Harris Health Briefs

GPHAP students from Harris Public Policy may publish articles in the Harris Health Briefs, a student-run program that publishes digestible analyses of complex issues and the policies surrounding them. Below, we feature some articles written by GPHAP students on health policy.

Expanded Medicaid Eligibility Reduces Debt for Low-Income Individuals

By Samuel Fuchs, January 23, 2017

In 2009, when President Obama placed healthcare at the top of his agenda, the weight of healthcare costs on individuals was a driving media narrative. Stories about families losing their homes to pay for cancer treatments added a human face to the fact that medical expenses are one of the most common causes of bankruptcy. Since the passage of the Affordable Care Act (ACA), the improvement in financial security of low-income populations is not often cited as a clear benefit of healthcare reform, perhaps because it is hard to measure. Simply counting the insured before and after the ACA is a research challenge, and measuring the ACA’s impact on individual’s financial status is even trickier.


Is Patient Activation the Answer? Engaged Patients Could Yield Lower Costs for Hospitals

By Matthew Green, June 22, 2016

Accountable Care Organizations (ACOs) are growing rapidly in the United States because of new pay-for-performance incentives under the Affordable Care Act. These provider networks currently cover more than 28 million patients across the country, whereby they agree to cover a set number of patients for a fixed cost per year. One of the central tenets of the ACO model involves providers agreeing to take on some level of financial risk for the patients in the population they choose to manage (e.g., patients within certain geographic areas, patients with certain conditions), because the health systems are no longer reimbursed for each individual service that they provide. Thus, it has become critical for providers to have a better understanding of which patients are at high risk for excessive utilization, since those patients could have a large impact on a health system’s bottom line.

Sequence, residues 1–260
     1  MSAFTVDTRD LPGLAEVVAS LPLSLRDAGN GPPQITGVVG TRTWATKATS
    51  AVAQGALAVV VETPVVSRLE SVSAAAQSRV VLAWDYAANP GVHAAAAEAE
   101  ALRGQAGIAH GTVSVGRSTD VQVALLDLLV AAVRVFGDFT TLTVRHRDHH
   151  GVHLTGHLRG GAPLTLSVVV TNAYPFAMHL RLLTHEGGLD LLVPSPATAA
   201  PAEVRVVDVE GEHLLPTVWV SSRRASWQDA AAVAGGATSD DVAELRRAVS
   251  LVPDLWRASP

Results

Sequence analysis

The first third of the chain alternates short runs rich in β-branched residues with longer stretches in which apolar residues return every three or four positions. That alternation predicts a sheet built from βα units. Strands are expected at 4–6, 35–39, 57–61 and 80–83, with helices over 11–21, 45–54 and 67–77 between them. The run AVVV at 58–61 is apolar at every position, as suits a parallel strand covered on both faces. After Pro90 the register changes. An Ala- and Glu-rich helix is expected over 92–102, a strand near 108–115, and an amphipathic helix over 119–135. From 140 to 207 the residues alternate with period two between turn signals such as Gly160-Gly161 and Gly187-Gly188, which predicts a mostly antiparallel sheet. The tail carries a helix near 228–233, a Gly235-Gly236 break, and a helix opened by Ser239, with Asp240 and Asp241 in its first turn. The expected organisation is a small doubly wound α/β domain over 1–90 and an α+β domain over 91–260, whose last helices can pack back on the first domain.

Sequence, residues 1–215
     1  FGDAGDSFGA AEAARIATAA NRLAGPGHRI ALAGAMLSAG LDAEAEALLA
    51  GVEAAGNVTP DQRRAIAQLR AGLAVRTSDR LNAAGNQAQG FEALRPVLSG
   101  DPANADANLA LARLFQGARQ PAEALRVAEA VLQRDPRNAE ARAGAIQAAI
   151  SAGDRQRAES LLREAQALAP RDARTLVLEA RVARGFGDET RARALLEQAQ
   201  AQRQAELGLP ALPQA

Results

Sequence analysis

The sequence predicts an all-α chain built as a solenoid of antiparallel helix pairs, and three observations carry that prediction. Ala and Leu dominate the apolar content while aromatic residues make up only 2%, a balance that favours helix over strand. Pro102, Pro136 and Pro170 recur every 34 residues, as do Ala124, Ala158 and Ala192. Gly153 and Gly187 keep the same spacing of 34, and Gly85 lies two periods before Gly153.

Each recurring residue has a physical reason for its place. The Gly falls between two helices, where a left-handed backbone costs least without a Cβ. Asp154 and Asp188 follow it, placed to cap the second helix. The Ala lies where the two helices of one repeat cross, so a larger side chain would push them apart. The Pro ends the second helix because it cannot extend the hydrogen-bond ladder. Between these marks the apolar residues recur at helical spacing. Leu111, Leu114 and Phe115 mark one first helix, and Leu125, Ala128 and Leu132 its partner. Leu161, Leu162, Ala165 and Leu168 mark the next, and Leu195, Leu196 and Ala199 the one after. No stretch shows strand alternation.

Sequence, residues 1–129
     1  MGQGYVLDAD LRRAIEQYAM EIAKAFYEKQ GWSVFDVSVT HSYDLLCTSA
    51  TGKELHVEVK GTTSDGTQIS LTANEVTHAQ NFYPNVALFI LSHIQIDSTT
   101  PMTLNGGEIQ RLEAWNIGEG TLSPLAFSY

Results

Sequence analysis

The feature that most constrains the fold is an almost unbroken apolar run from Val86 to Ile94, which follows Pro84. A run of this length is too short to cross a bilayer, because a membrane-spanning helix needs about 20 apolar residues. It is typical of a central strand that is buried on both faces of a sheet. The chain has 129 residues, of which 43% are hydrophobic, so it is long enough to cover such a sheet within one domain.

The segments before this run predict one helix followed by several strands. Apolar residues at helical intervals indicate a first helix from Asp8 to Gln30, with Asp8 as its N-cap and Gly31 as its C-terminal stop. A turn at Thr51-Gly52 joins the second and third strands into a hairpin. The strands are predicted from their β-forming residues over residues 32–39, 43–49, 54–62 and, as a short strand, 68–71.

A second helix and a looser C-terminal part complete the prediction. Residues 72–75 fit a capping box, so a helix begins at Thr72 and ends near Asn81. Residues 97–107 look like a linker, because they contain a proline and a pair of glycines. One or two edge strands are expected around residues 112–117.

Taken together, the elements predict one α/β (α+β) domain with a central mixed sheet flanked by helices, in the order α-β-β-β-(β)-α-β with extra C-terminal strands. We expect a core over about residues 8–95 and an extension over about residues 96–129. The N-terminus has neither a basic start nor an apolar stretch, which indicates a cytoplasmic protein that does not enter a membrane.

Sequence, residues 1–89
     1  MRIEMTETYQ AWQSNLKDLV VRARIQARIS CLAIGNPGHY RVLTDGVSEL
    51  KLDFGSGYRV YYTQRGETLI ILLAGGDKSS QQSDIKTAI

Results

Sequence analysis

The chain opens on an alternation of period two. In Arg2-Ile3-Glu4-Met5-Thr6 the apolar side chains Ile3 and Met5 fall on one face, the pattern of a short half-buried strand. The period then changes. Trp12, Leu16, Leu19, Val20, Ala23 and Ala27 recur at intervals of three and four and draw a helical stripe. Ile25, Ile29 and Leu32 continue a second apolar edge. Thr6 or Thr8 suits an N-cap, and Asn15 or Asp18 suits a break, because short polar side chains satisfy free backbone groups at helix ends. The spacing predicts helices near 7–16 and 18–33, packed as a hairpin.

Does Access to School-Based Healthcare Reduce Teen Birth Rates and Lead to More High School Completion?

By Ivy Sun, April 18, 2016

Access to affordable healthcare for low-income Americans has become a preeminent policy concern in the US. Even though the expansion of Medicaid and the State Children’s Health Insurance Program (SCHIP) has been able to provide health insurance coverage for most children from low-income families, the actual realization of health services still depends on the affordability and convenience of effective healthcare. It has been well documented that Medicaid access can lead not only to better health, but also to more stable household finances and higher educational attainment and earnings. However, inadequate access to primary care services among low-income families may preclude individuals from realizing these benefits, which would make the roughly $86 billion the US spends on Medicaid for children less effective.

Trastornos de salud mental son más frecuentes de lo que se piensa

By Mauricio Lopez, November 7, 2016

En México, del total del presupuesto asignado a la salud, aproximadamente el 2% esta destinado a la salud mental y, de ese porcentaje, 80% es asignado a hospitales que proveen servicios de nivel altamente especializado (servicios terciarios o de tercer nivel). Como resultado, éstos hospitales casi exclusivamente atienden a pacientes con diagnósticos graves. Bajo esta distribución de recursos, pareciera que los problemas de salud mental sólo se originan en esta magnitud de gravedad, y que su frecuencia es baja y poco predecible a lo largo de la vida en comparación con otros tipos de enfermedades y afectaciones.


Looking at Effects of Tennessee Medicaid Contraction on Adult Hospitalizations

By Mauricio Lopez, October 20, 2015

The 2010 Affordable Care Act (ACA) Medicaid expansions increased coverage by incorporating previously neglected groups into the eligibility criteria of Medicaid insurance—in particular, low-income, non-elderly adults. Individuals falling into this category were previously treated as “optional” Medicaid beneficiaries. It was up to each state to decide whether or not to expand its coverage by including this group as beneficiaries.